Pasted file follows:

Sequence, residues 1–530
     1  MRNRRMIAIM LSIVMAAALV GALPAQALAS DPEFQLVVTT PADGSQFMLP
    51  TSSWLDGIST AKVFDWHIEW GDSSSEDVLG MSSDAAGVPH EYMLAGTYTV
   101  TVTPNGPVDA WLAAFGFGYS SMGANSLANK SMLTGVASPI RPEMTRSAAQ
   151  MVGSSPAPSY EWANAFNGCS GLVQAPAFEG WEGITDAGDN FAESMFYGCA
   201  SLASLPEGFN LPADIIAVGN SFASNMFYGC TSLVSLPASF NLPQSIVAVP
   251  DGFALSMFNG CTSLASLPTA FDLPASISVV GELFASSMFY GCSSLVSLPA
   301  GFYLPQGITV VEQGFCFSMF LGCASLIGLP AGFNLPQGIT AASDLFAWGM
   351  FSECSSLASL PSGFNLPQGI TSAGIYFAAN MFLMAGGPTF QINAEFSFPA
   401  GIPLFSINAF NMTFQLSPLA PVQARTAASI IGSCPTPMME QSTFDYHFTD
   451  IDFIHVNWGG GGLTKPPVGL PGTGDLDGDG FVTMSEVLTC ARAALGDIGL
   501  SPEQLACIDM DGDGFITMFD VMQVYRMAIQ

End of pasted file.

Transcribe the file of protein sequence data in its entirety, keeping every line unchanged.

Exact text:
Sequence, residues 1–530
     1  MRNRRMIAIM LSIVMAAALV GALPAQALAS DPEFQLVVTT PADGSQFMLP
    51  TSSWLDGIST AKVFDWHIEW GDSSSEDVLG MSSDAAGVPH EYMLAGTYTV
   101  TVTPNGPVDA WLAAFGFGYS SMGANSLANK SMLTGVASPI RPEMTRSAAQ
   151  MVGSSPAPSY EWANAFNGCS GLVQAPAFEG WEGITDAGDN FAESMFYGCA
   201  SLASLPEGFN LPADIIAVGN SFASNMFYGC TSLVSLPASF NLPQSIVAVP
   251  DGFALSMFNG CTSLASLPTA FDLPASISVV GELFASSMFY GCSSLVSLPA
   301  GFYLPQGITV VEQGFCFSMF LGCASLIGLP AGFNLPQGIT AASDLFAWGM
   351  FSECSSLASL PSGFNLPQGI TSAGIYFAAN MFLMAGGPTF QINAEFSFPA
   401  GIPLFSINAF NMTFQLSPLA PVQARTAASI IGSCPTPMME QSTFDYHFTD
   451  IDFIHVNWGG GGLTKPPVGL PGTGDLDGDG FVTMSEVLTC ARAALGDIGL
   501  SPEQLACIDM DGDGFITMFD VMQVYRMAIQ